Doc. Sehnálek points out, that the Constitutional Court of the Czech Republic uses the grammatical method of interpretation only to a limited extent. Unlike in cases related to state organization issues, this method is basically only a marginal and a starting method.  The general approach to fundamental rights regulated by the Charter of fundamental rights and freedoms is that the Constitutional Court simply and plainly notes the existence of such a right and the possibility of its impairment in the case at hand. The contents of the right are then clarified using other methods of interpretation. He also points out one difference in the use of this method by the Constitutional Court on the side and the Court of Justice, and the European Court of Human Rights on the other side as the European convention as well as EU law is subject to the autonomous interpretation. Thus the words and terms used by this convention or by the EU law do not have to have a similar meaning as similar terms used by the Czech law.


Both the Court of Justice, and the European Court of Human Rights have to do additional steps which is usually not necessary in the case of domestic courts when interpreting the national law. These two courts should compare all language versions in order to identify the correct meaning of the text.


Logical arguments have an auxiliary significance in the interpretation of the law by the Constitutional Court of the Czech Republic and do not belong among arguments commonly used by the Court. The same is true in the case of the Court of Justice, and the European Court of Human Rights.


The use of domestic systemic arguments is usual in cases where the Constitutional Court of the Czech Republic infers a certain conclusion on the basis of a combination of several provisions of the Constitution and of the Charter.  This is typical for Art. 1 (2) of the Constitution, according to which the Czech Republic is to observe its international commitments. This provision is often used in combination with other provisions, especially of the Charter. This is how interpretation is found that conforms either to international or to decisions of international courts. However, this is not a matter of direct determination of the contents of one provision on the basis of another. The logic is that the second provision opens the door for reflecting an external source (typically a European convention), which then, in turn, influences the interpretation of the first provision.


A prevalent method of interpretation for all three courts is the interpretation based on the past case law. Doc. Sehnálek represents the primary modus operandi of these courts. Almost all the rulings of the Constitutional Court comprise references to its previous case law. At the same time, a snowball effect is apparent in the Constitutional Court’s decision-making.  The conclusions of its prior decisions are repeated in new decisions, which are added to the original ones and later quoted together. This ultimately creates the impression of a clearly and convincingly established law.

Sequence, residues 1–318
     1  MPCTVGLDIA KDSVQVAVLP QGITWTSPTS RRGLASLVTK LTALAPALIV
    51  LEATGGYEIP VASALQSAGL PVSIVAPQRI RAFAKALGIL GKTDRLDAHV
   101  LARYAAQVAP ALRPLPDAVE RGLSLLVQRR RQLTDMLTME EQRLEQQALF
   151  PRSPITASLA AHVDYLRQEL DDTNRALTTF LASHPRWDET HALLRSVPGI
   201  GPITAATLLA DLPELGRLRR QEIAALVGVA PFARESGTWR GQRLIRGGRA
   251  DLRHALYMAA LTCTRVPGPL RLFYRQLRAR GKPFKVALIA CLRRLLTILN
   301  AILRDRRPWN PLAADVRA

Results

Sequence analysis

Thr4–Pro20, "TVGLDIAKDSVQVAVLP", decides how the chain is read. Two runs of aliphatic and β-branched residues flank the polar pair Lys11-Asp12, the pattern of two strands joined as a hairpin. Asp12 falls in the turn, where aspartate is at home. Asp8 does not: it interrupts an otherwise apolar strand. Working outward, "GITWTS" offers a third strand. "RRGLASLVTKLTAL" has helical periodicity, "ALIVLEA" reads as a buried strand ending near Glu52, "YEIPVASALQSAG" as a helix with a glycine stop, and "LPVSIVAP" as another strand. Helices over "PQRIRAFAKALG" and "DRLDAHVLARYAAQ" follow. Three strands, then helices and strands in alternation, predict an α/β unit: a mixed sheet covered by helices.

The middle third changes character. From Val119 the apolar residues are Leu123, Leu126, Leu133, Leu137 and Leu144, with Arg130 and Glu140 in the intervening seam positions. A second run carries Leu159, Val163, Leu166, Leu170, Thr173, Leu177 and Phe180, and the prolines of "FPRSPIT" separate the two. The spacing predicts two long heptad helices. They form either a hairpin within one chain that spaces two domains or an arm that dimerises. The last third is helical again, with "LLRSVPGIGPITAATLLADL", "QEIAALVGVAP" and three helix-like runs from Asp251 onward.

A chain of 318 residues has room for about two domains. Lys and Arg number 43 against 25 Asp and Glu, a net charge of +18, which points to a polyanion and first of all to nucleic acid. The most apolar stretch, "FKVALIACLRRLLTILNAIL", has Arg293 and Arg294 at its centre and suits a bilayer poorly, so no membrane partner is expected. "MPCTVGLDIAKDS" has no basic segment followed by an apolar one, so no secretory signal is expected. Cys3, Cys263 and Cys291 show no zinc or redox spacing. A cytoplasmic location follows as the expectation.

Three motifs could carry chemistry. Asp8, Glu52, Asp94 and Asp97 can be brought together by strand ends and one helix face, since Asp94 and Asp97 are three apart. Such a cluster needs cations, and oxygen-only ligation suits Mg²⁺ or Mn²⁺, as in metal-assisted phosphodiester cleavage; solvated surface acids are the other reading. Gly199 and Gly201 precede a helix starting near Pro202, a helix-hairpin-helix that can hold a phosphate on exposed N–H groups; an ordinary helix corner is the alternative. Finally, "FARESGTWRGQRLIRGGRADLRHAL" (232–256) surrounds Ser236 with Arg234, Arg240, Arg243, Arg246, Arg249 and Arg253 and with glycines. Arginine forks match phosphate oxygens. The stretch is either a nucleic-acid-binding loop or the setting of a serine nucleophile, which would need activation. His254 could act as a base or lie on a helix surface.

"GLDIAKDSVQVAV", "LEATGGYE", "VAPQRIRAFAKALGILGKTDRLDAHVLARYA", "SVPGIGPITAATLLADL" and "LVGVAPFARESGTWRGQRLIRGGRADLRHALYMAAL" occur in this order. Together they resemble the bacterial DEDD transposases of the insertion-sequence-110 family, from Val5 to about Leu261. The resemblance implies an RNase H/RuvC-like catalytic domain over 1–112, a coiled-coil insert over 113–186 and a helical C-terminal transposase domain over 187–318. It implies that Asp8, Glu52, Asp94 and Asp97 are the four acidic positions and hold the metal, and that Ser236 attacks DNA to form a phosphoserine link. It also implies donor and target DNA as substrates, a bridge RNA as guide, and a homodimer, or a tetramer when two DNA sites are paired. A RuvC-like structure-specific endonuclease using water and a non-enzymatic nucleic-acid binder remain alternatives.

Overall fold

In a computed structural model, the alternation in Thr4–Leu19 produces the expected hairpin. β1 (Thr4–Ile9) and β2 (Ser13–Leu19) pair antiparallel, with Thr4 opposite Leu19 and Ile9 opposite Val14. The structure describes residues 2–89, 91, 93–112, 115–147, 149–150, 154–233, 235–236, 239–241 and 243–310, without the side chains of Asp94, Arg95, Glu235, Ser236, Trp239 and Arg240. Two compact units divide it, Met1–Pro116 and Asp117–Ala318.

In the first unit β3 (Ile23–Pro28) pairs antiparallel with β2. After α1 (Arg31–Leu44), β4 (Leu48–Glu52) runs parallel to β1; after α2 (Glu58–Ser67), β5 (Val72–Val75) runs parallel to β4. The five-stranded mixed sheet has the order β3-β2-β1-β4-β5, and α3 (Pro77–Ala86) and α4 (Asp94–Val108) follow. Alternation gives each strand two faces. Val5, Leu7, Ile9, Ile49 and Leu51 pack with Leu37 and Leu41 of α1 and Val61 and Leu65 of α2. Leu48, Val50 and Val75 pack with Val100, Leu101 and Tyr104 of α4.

Judgments of the Constitutional Court, as well as the judgments of the Court of Justice, typically lack any detailed analysis of facts in relation to the rule based on which the decision was made. In substance, both these courts merely constantly repeat their general conclusions until they create quite a convincing impression of a precedent


External systemic and comparative law arguments are essential in the reasoning of the Constitutional Court. What is noteworthy is the way the Constitutional Court works with the text of international treaties in general and specifically with the wording of the European Convention. In most decisions, the Charter and the rights it protects were interpreted in the context of the European Convention and other international treaties. Even if the wording differs, these differences are overlooked, and there is a tendency to interpret the same rights identically. The Court of Justice works similarly with the European convention.


For the Constitutional Court, it is also typical to reflect the decisions of other constitutional courts. The position of the European Court of Human Rights case law is fully comparable to the prior case law of the Constitutional Court. The European Court of Human Rights case law is not questioned; on the contrary, it is adopted without further considerations. In addition to that, the subsidiary nature of the European Court of Human Rights’ work is overlooked, as is the fact that its decisions lack effects erga omnes.


Comparative interpretation is a very frequent method of interpreting the Constitutional Court’s case law. It must be emphasized, however, that comparative arguments, as used by the Constitutional Court have nothing to do with comparison as a scientific method. These are two completely different categories. Indeed, comparison as carried out by the Constitutional Court never goes beyond a mere statement – the situation in another country is such and such, similar/the same as here.


Quite frequent in the case-law of the Constitutional Court are according to doc. Sehnálek arguments based on jurisprudence. Its decisions often refer to publications authored or co-authored by one of its justices or those written by their colleagues or friends. So the selection can hardly be considered objective.  On the contrary, both the European Court of Human Rights and the Court of Justice never refer to scientific literature.


The European Court of Human Rights differs from the other two courts as it uses the doctrine of margin of appreciation.  The European Court of Human Rights and Constitutional Court have in common their subsidiary role in the protection of human rights.

qq online qq online qq online qq online